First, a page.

“Just being a woman doesn’t mean I don’t have ambitions to be the pope or the emperor.”
– Willa Cather
Here we are, plunging yet again into the staid predictability of commencement season, with a torrent of colorfully bedecked jobless youngsters spilling out into a mysterious world, with more platitudes than in all of Australia (as Dad used to say, which is one reason I rarely quote him), with the Tigers and the Cantabs tactfully bringing up the rear in early June.
Given the paucity of original thought involved, you might not expect this to be fertile ground for historic rumination – especially given Princeton’s admirable strategy to forgo outside graduation speakers, figuring that what can’t be overstated at Baccalaureate and Class Day isn’t worth overstating. There is, however, one ceremonial facet I’ll readily admit to being a sucker for, that has within it an irresistible combination of perversity and pomp to quicken the hearts of name-droppers everywhere.
You just gotta love the celebrity honorary degree, academia’s simultaneous retort both to papal elections (look, Edna, the smoke!) and Oscar night.
Don’t misunderstand, I have no illusion about worthiness. In a just world, every Princeton faculty member who survives 20 years would earn an automatic Litt.D. with a 10 percent pay bump, a locomotive, and a case of single malt. Every minister to the poor and destitute would get an orange-trimmed academic gown with sewn-in elbow pads and a million bucks for his or her favorite charity. However, it’s beginning to seem that this is not the true nature of our universe, so in their place I must admit to fascination with the proud few colorful cultural icons who do make it to the podium, to have their lives recounted in stentorian tones.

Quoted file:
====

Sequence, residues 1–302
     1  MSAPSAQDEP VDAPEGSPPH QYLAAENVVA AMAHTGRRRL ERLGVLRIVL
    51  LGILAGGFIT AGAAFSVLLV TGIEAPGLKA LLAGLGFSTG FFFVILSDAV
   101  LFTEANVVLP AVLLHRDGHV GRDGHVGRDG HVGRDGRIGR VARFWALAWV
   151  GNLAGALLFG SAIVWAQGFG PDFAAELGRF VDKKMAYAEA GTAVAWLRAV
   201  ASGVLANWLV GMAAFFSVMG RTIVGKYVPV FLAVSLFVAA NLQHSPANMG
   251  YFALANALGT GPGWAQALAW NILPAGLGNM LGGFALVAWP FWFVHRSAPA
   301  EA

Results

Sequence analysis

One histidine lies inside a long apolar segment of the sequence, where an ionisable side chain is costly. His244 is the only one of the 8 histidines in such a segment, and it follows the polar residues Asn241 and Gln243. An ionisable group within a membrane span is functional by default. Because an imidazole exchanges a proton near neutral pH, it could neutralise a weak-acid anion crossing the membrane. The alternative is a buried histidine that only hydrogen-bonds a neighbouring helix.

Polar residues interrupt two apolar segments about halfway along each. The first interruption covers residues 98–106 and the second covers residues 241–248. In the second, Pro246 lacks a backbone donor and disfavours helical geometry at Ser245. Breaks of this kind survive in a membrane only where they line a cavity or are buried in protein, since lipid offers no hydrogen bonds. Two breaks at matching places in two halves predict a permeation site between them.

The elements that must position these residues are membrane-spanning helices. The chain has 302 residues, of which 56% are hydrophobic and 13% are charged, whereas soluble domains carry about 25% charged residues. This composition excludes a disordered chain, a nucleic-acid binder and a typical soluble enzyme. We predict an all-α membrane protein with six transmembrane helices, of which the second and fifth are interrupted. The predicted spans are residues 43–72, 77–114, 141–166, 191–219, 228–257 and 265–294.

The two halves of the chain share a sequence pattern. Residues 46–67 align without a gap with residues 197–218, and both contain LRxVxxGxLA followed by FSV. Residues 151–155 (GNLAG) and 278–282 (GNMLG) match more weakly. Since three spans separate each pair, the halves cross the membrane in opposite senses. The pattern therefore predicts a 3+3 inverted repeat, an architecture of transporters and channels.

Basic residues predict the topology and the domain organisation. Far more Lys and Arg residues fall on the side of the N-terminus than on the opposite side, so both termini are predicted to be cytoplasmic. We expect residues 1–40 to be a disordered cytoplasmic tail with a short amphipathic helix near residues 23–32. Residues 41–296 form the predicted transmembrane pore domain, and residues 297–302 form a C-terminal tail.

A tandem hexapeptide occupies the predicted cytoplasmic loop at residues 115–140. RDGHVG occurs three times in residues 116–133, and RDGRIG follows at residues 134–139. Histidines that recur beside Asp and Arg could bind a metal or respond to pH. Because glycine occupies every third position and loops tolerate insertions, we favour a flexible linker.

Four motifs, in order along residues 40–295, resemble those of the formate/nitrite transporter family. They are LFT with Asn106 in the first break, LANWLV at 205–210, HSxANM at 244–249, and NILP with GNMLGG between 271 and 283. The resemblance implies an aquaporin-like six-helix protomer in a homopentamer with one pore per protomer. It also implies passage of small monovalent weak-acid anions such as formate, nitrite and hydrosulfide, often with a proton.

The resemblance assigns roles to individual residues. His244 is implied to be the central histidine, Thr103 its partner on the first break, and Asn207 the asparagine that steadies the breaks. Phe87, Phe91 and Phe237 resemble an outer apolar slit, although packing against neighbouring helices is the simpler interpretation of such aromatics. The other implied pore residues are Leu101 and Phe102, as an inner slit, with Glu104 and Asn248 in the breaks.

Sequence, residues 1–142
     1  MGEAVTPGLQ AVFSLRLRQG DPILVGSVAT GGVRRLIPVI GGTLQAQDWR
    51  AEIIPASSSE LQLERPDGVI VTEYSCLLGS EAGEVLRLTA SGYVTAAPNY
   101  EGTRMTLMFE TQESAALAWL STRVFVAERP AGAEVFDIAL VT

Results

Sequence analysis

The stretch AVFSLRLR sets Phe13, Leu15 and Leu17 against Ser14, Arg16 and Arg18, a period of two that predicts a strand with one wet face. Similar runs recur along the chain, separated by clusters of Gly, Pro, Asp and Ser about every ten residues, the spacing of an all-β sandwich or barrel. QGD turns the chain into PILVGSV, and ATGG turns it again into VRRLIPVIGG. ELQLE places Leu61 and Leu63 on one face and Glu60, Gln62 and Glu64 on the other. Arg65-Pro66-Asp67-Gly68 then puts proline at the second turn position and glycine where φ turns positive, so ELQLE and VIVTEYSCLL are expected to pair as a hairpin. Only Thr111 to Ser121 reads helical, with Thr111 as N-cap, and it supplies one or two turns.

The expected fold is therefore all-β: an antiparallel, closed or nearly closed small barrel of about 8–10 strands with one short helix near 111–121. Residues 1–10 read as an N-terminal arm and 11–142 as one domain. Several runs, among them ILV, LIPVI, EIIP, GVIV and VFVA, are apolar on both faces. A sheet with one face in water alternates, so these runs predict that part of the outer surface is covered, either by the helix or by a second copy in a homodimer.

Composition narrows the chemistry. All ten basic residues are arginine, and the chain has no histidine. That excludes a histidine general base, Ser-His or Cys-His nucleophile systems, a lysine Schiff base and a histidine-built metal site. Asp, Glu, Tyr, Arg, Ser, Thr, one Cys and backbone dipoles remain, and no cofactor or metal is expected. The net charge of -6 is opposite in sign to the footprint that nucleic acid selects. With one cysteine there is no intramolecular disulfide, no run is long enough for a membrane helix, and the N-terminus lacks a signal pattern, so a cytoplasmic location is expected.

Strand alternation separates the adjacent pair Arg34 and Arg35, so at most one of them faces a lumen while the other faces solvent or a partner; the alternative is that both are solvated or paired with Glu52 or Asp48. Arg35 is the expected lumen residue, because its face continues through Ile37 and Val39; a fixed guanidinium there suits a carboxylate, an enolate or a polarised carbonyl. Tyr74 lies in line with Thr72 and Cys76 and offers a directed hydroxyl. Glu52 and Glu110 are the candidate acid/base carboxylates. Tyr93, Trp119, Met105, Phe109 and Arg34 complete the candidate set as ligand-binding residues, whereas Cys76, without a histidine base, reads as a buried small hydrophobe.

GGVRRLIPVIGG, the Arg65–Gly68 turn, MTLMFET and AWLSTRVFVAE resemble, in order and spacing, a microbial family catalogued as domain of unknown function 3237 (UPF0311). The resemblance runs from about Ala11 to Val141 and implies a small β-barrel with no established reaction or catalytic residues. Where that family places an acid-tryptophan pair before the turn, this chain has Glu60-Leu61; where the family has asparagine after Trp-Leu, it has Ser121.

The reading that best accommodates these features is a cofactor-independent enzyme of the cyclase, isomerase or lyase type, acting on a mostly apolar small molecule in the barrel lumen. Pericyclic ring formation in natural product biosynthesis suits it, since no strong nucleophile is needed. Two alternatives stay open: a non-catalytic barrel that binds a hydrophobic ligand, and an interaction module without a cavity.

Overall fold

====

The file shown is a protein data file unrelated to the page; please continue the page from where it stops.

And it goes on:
Bob Dylan received a Princeton degree at my graduation in 1970 (“now approaching the perilous age of 30”), seemingly either impressed or distressed enough to not accept another for the rest of the century. Stephen Hawking’s degree in 1982 was a nice mirror of Albert Einstein’s in 1921 (“voyaging through strange seas of thought alone”). I was ecstatic in 1998 when my thesis adviser, John Tukey *39, was given one, if only as recompense for the years I took off his life, and in 1997 when my childhood hero, New Jersey’s own Larry Doby, was honored 50 years after enduring his private hell of being the American League’s Jackie Robinson.
Speaking of real pros, here’s my favorite honorary-degree story, which shouldn’t be any less entertaining for being true and hopelessly unscholarly. A young friend from Chapel Hill, N.C., graduated in 2001, and his true-blue Carolina grandmother, rabid veteran of many years of the Dean Dome and SportsCenter, made her first trip to Princeton for the occasion. Ambling down McCosh Walk toward Front Campus for the ceremony, grandma, father, and graduating son came upon three tall people walking side-by-side in the other direction: Bill Bradley ’65 h’83, Bill Walton p’01 (whose basketball-captain son was graduating), and Bill Russell h’01, there for his honorary D. Hum. They all just kept walking, but after a considerate pause, grandma firmly stated her conviction that this was indeed a very interesting place.